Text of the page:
Screens & Navigations

In the case of desktop/web applications, users can navigate to any page or screen anytime easily because there are menus, navigation & address bars. They can even launch another application or site for some task and come back to your application. However, this luxury isn’t available in mobile apps and if the user needs to tap or swipe in your mobile app for more than 3 times to complete 1 task, perhaps it is a high time for you to redesign the flow of your application. When it comes to screen, try to avoid distractions. Heavy use of multiple navigations, controls on the screen, advertisement banners can lead to bad user experience. There are guide available for user experience and navigation patterns. Learn about them and see which one suits for your application. And remember, more screens, more swipes and bad user experience can lead to unhappy users.

mobile-mindset-02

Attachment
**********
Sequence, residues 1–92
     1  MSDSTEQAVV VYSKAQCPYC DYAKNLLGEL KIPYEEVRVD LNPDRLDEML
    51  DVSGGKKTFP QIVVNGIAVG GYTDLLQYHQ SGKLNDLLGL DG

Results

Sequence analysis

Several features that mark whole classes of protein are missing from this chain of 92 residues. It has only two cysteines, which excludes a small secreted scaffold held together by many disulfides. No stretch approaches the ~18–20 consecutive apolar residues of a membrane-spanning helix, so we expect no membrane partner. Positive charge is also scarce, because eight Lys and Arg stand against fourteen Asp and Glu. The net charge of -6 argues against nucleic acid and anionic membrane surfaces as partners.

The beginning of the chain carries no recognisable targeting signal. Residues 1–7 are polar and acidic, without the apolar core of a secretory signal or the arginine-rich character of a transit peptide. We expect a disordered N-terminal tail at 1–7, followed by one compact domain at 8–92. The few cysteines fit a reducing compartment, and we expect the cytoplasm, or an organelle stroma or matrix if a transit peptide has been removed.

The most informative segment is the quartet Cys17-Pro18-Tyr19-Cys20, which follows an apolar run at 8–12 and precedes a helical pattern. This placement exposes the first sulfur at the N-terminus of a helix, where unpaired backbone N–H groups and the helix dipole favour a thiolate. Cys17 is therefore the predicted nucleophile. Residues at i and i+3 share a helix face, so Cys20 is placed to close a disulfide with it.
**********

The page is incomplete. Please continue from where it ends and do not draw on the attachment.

User-Friendly Interface

As compared to desktop or laptops, mobile devices have a small screen. It is often called as ‘screen real estate’. Use it wisely. Make controls and ‘next steps‘ discoverable. Use controls which can expand and contract depending on usage. Give hints to the user. Your app has failed if the user has to ‘google’ next steps or read the user manual to use your app.

mobile-mindset-01

Data – As & When Required

If the user is going to launch your app for the first time, treat him with respect. Don’t collect all the user details. If needed, by providing ‘privacy policy‘, ask for only required details to register with your app or service (e.g. age, email, phone, password) and get him onboard. Once onboarding is complete, depending on requirements gather the necessary information (e.g. preferences, network, etc).